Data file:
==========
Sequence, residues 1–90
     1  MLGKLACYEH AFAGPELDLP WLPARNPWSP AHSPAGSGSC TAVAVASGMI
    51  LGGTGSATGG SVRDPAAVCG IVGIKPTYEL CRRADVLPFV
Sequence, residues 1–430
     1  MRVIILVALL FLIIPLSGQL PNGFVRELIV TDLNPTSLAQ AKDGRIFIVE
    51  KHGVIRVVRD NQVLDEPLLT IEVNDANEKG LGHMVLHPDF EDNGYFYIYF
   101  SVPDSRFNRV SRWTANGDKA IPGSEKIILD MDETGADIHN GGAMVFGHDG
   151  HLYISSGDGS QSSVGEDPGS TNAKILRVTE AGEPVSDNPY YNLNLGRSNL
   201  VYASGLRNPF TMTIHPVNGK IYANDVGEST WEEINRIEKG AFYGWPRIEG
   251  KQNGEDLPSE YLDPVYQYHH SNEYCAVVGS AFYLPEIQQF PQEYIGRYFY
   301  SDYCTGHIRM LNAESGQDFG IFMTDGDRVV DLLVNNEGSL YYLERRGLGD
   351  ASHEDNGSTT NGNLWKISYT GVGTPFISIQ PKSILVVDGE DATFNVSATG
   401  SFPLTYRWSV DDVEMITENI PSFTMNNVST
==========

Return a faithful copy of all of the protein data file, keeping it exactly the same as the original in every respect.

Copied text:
Sequence, residues 1–90
     1  MLGKLACYEH AFAGPELDLP WLPARNPWSP AHSPAGSGSC TAVAVASGMI
    51  LGGTGSATGG SVRDPAAVCG IVGIKPTYEL CRRADVLPFV
Sequence, residues 1–430
     1  MRVIILVALL FLIIPLSGQL PNGFVRELIV TDLNPTSLAQ AKDGRIFIVE
    51  KHGVIRVVRD NQVLDEPLLT IEVNDANEKG LGHMVLHPDF EDNGYFYIYF
   101  SVPDSRFNRV SRWTANGDKA IPGSEKIILD MDETGADIHN GGAMVFGHDG
   151  HLYISSGDGS QSSVGEDPGS TNAKILRVTE AGEPVSDNPY YNLNLGRSNL
   201  VYASGLRNPF TMTIHPVNGK IYANDVGEST WEEINRIEKG AFYGWPRIEG
   251  KQNGEDLPSE YLDPVYQYHH SNEYCAVVGS AFYLPEIQQF PQEYIGRYFY
   301  SDYCTGHIRM LNAESGQDFG IFMTDGDRVV DLLVNNEGSL YYLERRGLGD
   351  ASHEDNGSTT NGNLWKISYT GVGTPFISIQ PKSILVVDGE DATFNVSATG
   401  SFPLTYRWSV DDVEMITENI PSFTMNNVST